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Help! Need advise on molting hen.

post #1 of 8
Thread Starter 

I am in Ohio, we have had one of the warmest Decembers in history and one of my Barred Rock hens is in a full molt. The last 2 days I have found tons of feathers in the poo board. I pulled on her breast feathers ( not a hard pull) they came out real easy. 

Now our temperatures are starting to drop to more seasonal. Should I bring her in were it is warmer or will that mess up her molt process? But if I leave her out will she freeze to death from lack of feathers? Help me please if you have the answer. 

post #2 of 8
Quote:
Originally Posted by DianaMallory View Post
 

I am in Ohio, we have had one of the warmest Decembers in history and one of my Barred Rock hens is in a full molt. The last 2 days I have found tons of feathers in the poo board. I pulled on her breast feathers ( not a hard pull) they came out real easy. 

Now our temperatures are starting to drop to more seasonal. Should I bring her in were it is warmer or will that mess up her molt process? But if I leave her out will she freeze to death from lack of feathers? Help me please if you have the answer. 

If there are other, fully feathered birds for her to snuggle up with, she will be fine.

post #3 of 8
Thread Starter 

There are other birds they all roost together but my concern is the temps are dropping tonights low is 30 and tomorrow nights low is 22, will she be okay for the day time when they aren't roosting?

post #4 of 8

I have a few that are nearly naked and were fine last night, with a low of 21*. Daytime temps have been in the high 30s and low 40s. They've been staying inside the coop, nestled in their shed feathers when the wind picks up, but otherwise have been fine.

post #5 of 8
Thread Starter 

Well I don't think I want to risk her getting sick so I am going to move her into a dog cage in the house, down in the basement. I thought about it and I would rather be safe than sorry. Don't want any sick girls. 

post #6 of 8

If you remove her from the flock, she will need a heat source, at least for at night.

post #7 of 8
Quote:
Originally Posted by junebuggena View Post
 

I have a few that are nearly naked and were fine last night, with a low of 21*. Daytime temps have been in the high 30s and low 40s. They've been staying inside the coop, nestled in their shed feathers when the wind picks up, but otherwise have been fine.

 

x2

 

I have had numerous birds over the years go into a full fledge, full body naked molt in the coldest November and December. While we are not horrible single digits, we often are low 30's and 40's with constant drizzling rain. I have never had a molting bird get sick. I can't imagine how they stay warm, but they do. I would be concerned that your bird will have to be reintegrated back into the flock which can be difficult during molt, when they look odd already. I'd personally hesitate removing her.

 

I have used Nutrena Feather Fixer, and honestly, it does seem to help them get through a hard molt much faster. You might try that for a month to help her through this.

 

Also supply lots of cracked corn, that helps produce body heat. And, Black Oil Sunflower Seeds which are very high in protein and fat for good energy.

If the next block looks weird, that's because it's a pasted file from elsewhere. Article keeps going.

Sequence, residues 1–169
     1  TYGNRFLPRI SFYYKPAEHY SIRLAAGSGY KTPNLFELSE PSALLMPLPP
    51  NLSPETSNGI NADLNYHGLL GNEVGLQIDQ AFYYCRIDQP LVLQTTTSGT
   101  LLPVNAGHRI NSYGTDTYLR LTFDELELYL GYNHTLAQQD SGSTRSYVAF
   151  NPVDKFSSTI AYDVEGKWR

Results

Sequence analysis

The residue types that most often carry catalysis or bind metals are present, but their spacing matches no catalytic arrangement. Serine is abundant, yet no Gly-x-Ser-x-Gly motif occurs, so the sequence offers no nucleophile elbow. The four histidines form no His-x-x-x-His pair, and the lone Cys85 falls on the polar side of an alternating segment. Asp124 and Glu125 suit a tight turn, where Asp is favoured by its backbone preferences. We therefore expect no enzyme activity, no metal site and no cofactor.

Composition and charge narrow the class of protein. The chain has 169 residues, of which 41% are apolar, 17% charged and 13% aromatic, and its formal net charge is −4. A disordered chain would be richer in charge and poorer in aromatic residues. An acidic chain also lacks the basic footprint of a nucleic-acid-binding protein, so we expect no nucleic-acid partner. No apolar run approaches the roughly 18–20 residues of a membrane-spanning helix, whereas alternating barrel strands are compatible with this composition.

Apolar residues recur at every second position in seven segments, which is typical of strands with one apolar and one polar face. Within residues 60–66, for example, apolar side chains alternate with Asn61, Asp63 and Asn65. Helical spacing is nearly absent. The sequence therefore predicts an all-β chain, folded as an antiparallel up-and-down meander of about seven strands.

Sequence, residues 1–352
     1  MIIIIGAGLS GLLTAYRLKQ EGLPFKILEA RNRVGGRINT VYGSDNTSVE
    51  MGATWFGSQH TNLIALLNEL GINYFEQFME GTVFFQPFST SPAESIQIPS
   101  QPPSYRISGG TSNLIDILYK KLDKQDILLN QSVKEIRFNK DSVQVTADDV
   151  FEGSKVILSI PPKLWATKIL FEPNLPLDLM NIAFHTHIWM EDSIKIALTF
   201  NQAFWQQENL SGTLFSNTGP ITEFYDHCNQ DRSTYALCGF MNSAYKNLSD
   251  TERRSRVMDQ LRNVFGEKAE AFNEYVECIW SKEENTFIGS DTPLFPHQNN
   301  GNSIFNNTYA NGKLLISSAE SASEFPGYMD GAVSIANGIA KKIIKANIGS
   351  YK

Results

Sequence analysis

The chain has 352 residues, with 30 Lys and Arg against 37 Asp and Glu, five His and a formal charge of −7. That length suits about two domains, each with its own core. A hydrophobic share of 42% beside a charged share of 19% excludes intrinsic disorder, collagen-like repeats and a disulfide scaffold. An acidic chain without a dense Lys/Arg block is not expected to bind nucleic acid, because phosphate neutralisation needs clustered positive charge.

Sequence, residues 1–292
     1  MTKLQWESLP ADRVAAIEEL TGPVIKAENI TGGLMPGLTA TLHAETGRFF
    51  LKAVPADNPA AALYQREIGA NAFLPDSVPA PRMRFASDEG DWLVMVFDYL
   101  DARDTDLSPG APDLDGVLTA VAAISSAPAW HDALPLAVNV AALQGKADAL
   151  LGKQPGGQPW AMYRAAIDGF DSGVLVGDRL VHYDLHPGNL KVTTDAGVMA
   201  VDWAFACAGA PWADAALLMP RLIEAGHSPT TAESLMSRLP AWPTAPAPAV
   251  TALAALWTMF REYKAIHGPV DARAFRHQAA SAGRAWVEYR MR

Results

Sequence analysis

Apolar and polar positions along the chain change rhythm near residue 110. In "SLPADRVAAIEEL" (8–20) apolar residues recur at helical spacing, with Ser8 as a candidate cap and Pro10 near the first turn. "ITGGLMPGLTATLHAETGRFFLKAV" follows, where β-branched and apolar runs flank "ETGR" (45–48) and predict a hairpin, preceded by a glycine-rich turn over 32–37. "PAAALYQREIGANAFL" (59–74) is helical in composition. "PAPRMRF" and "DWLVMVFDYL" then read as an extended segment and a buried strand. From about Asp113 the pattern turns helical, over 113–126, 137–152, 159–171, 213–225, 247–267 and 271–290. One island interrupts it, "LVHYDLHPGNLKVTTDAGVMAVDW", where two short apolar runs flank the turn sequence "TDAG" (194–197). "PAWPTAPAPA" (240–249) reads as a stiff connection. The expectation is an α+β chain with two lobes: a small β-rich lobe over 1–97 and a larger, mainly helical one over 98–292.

LofMc

Keeper of 15+ layers, common to specialty types for colorful egg baskets. Brooding Queens: The Queen Mum Silkie and 2 Bantam Cochin handmaids. Preparing to breed my own Olive Eggers! Barnevelder roo with Splash Marans and CL for egg color and color coding :D Former 4H leader, GDB Puppy Raiser, Homeschooler. Current ESL tutor. Proud new grandma. Loving wife to a very tolerant husband.
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Keeper of 15+ layers, common to specialty types for colorful egg baskets. Brooding Queens: The Queen Mum Silkie and 2 Bantam Cochin handmaids. Preparing to breed my own Olive Eggers! Barnevelder roo with Splash Marans and CL for egg color and color coding :D Former 4H leader, GDB Puppy Raiser, Homeschooler. Current ESL tutor. Proud new grandma. Loving wife to a very tolerant husband.
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post #8 of 8
Thread Starter 
Quote:
Originally Posted by Lady of McCamley View Post
 

 

x2

 

I have had numerous birds over the years go into a full fledge, full body naked molt in the coldest November and December. While we are not horrible single digits, we often are low 30's and 40's with constant drizzling rain. I have never had a molting bird get sick. I can't imagine how they stay warm, but they do. I would be concerned that your bird will have to be reintegrated back into the flock which can be difficult during molt, when they look odd already. I'd personally hesitate removing her.

 

I have used Nutrena Feather Fixer, and honestly, it does seem to help them get through a hard molt much faster. You might try that for a month to help her through this.

 

Also supply lots of cracked corn, that helps produce body heat. And, Black Oil Sunflower Seeds which are very high in protein and fat for good energy.

 

LofMc

My girls get whole corn and black oil sunflower seeds most everyday along with oatmeal and layer crumbles. I was told whole corn is better than cracked. According to Becky's homestead anyway. And as far as putting her back with the flock I would do it the same way I took her away from the roost at night. 

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